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  • Author or Editor: Rui Wang x
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Mengnan Zhao, Rui M. Ponte, Ou Wang, and Rick Lumpkin


Properly fitting ocean models to observations is crucial for improving model performance and understanding ocean dynamics. Near-surface velocity measurements from the Global Drifter Program (GDP) contain valuable information about upper-ocean circulation and air–sea fluxes on various space and time scales. This study explores whether GDP measurements can be used for usefully constraining the surface circulation from coarse-resolution ocean models, using global solutions produced by the consortium for Estimating the Circulation and Climate of the Ocean (ECCO) as an example. To address this problem, a careful examination of velocity data errors is required. Comparisons between an ECCO model simulation, performed without any data constraints, and GDP and Ocean Surface Current Analyses Real-Time (OSCAR) velocity data, over the period 1992–2017, reveal considerable differences in magnitude and pattern. These comparisons are used to estimate GDP data errors in the context of the time-mean and time-variable surface circulations. Both instrumental errors and errors associated with limitations in model physics and resolution (representation errors) are considered. Given the estimated model–data differences, errors, and signal-to-noise ratios, our results indicate that constraining ocean-state estimates to GDP can have a substantial impact on the ECCO large-scale time-mean surface circulation over extensive areas. Impact of GDP data constraints on the ECCO time-variable circulation would be weaker and mainly limited to low latitudes. Representation errors contribute substantially to degrading the data impacts.

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Christopher G. Piecuch, Ichiro Fukumori, Rui M. Ponte, and Ou Wang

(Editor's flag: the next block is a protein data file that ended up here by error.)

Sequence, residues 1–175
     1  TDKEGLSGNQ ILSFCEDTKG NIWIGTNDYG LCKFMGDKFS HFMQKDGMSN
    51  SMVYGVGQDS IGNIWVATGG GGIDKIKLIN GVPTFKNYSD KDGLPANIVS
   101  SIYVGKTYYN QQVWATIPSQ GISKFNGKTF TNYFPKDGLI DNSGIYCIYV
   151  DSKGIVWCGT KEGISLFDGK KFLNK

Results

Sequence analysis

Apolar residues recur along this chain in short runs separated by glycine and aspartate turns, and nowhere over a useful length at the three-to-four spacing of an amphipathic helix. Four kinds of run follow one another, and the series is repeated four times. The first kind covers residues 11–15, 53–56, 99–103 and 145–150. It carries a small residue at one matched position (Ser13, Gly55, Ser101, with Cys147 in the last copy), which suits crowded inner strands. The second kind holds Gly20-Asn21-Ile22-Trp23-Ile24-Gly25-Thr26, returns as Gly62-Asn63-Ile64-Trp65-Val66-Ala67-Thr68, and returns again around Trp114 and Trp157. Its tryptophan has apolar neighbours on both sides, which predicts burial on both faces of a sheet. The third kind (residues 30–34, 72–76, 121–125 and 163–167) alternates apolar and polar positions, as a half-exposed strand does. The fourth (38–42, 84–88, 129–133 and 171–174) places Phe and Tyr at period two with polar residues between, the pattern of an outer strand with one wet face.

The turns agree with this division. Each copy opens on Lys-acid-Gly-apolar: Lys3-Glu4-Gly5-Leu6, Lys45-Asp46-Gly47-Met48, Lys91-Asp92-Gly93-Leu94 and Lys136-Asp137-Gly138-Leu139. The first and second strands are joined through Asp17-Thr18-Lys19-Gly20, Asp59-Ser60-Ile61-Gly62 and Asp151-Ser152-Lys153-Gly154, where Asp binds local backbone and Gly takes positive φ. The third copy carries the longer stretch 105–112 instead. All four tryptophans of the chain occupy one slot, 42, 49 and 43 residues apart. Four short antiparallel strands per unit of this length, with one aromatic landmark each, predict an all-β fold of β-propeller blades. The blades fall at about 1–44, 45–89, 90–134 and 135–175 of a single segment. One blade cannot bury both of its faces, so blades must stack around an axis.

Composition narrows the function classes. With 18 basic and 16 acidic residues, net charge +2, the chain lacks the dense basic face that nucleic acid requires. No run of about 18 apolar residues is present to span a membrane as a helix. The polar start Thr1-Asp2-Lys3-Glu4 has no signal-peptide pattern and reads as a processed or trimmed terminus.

The nature of ocean bottom pressure () variability is considered on large spatial scales and long temporal scales. Monthly gridded estimates from the Gravity Recovery and Climate Experiment (GRACE) Release-05 and the new version 4 bidecadal ocean state estimate of the Consortium for Estimating the Circulation and Climate of the Ocean (ECCO) are used. Estimates of from GRACE and ECCO are generally in good agreement, providing an independent measure of the quality of both products. Diagnostic fields from the state estimate are used to compute barotropic (depth independent) and baroclinic (depth dependent) components. The relative roles of baroclinic and barotropic processes are found to vary with latitude and time scale: variations in at higher latitudes and shorter periods are affected by barotropic processes, whereas fluctuations at lower latitudes and longer periods can be influenced by baroclinic effects, broadly consistent with theoretical scaling arguments. Wind-driven Rossby waves and coupling of baroclinic and barotropic modes due to flow–topography interactions appear to be important influences on the baroclinic variability. Decadal simulations of monthly variability based on purely barotropic frameworks are expected to be in error by about 30% on average ( in the tropical ocean and at higher latitudes). Results have implications for applying GRACE observations to problems such as estimating transports of the Antarctic Circumpolar Current.

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Xue-Fa Wen, Xuhui Lee, Xiao-Min Sun, Jian-Lin Wang, Ya-Kun Tang, Sheng-Gong Li, and Gui-Rui Yu


The δ18O and δD of atmospheric water vapor are important tracers in hydrological and ecological studies. Isotope ratio infrared spectroscopy (IRIS) provides an in situ technology for measuring δ18O and δD in ambient conditions. An intercomparison experiment was carried out with four commercial IRIS analyzers to characterize their performance and transferability of calibration methods. Over a 15-day atmospheric measurement, during which the water vapor concentration ranged from 14 to 27 mol mol−1 and the isotopic ratios spanned about 90‰ and 13‰ for δD and δ18O, respectively, these analyzers tracked the natural variability in ambient conditions very well and achieved an average difference between one another within 2‰ for δD and within 0.1‰ for δ18O after calibration at appropriate frequencies. Two of the calibration methods (discrete liquid water injection and continuous dripping) agreed with each other within the tolerance thresholds of 2‰ for δD and 0.1‰ for δ18O. The Rayleigh distillation technique appeared to be acceptable as a calibration standard for δD but not for δ18O. The δD measurements were less prone to concentration dependence errors than the δ18O measurements. The concentration dependence underscores the importance of using a calibration procedure at multiple mixing ratios to bracket the range of natural variability.

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